INVICTUS
Out of the night that covers me,
Black as the Pit from pole to pole,
I thank whatever gods may be
For my unconquerable soul.

In the fell clutch of circumstance
I have not winced nor cried aloud.
Under the bludgeonings of chance
My head is bloody, but unbowed.

Beyond this place of wrath and tears
Looms but the Horror of the shade,
And yet the menace of the years
Finds, and shall find, me unafraid.

It matters not how strait the gate,
How charged with punishments the scroll.
I am the master of my fate:
I am the captain of my soul.
YOU

COMMENTS (256)

From absolute darkness, the horrid travels through life, bludgeonings, and horrible happenings, he remains grateful to have returned in whole, and to remain unafraid.... I am the captain of my fate, I am the captain of my soul.... Oh how incredibly powerful this! I don't know who recorded this reading - but it was absolutely riveting! Thank you.
I was forced to memorize this poem in ninth grade. Like other poems we were assigned, this one turned me against poetry for years. Until I discovered Kahlil Gibran and then John Keats. Still, sixty years later, this poem represents to me what poetry should NOT be: a high-flown, abstract message spoken in bouncy rhythms and rhymes. No one, in the end, is the master of his fate or the captain of his soul: and no matter how strong and courageous, no one is always unbowed; no one can honestly always say, I have not winced or cried aloud. Give me Langston Hughes' Mother to Son for its honesty, simplicity, and linguistic authenticity: Life for me ain't been no crystal stair....
You have interpreted the poem incorrectly. The poet is delivering a rather beautiful message with simplicity and a flow of words; a human being is indeed the master of his soul. Life is not crystal stairs, but a rough, bouncy hill and it can break a human being down into pieces, mercilessly. The poet tells us how to be strong: to become the master of our own soul, of our hearts, of our emotions. Don't give in and keep fighting. Because Life? it will break you down, it will crush you anyway. The poet never said that life will be easy on you. But rather than letting yourself sink down, stand up and take control because your soul is unconquerable and you are stronger than you can imagine. That's the message. The structure and rhythm might not appeal to you, but I strongly disagree with your interpretation of this short, inspirational poem. Peace.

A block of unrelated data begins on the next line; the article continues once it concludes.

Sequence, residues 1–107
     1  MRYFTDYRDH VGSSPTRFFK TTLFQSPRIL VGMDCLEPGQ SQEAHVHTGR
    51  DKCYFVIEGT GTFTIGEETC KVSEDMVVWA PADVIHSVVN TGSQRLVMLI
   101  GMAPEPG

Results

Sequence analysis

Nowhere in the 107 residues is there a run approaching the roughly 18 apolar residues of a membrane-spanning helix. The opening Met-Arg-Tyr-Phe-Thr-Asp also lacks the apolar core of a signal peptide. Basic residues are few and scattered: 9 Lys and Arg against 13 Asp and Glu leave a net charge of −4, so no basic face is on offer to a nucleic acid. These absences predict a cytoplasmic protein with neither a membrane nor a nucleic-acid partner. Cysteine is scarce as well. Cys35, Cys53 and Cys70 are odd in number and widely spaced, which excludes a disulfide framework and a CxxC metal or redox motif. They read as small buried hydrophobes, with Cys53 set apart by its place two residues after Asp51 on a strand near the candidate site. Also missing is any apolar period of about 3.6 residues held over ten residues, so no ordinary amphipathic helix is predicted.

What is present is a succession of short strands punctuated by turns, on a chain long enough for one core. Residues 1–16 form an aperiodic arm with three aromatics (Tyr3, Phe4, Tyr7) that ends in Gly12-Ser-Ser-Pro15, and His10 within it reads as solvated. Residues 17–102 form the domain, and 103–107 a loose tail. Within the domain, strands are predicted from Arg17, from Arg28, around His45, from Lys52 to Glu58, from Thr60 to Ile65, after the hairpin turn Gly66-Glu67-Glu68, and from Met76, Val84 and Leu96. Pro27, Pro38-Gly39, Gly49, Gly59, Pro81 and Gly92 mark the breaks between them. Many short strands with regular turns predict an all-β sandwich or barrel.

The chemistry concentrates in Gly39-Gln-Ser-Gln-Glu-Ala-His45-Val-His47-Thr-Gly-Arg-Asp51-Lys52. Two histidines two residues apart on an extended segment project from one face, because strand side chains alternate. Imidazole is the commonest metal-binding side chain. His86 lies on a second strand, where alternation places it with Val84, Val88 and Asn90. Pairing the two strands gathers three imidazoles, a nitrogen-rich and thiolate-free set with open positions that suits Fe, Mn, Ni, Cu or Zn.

You have interpreted the poem incorrectly. The poet is delivering a rather beautiful message with simplicity and a flow of words; a human being is indeed the master of his soul. Life is not crystal stairs, but a rough, bouncy hill and it can break a human being down into pieces, mercilessly. The poet tells us how to be strong: to become the master of our own soul, of our hearts, of our emotions. Don't give in and keep fighting. Because Life? it will break you down, it will crush you anyway. The poet never said that life will be easy on you. But rather than letting yourself sink down, stand up and take control because your soul is unconquerable and you are stronger than you can imagine. That's the message. The structure and rhythm might not appeal to you, but I strongly disagree with your interpretation of this short, inspirational poem. Peace.
Mr Henley has done an incredible job with this poem. Among the favorites that I committed to memory years ago.
This is one of the best poem of the poet A cliff stood high
An all-time favourite of mine, the poem's about indomitable courage in the face of all odds. Incidentally, after I read it for the first time, it got etched in my psyche in such a way that I adopted its title, meaning 'unvanquished' in Latin, as a part of my Email ID. I'll always love this magnificent verse by Henley.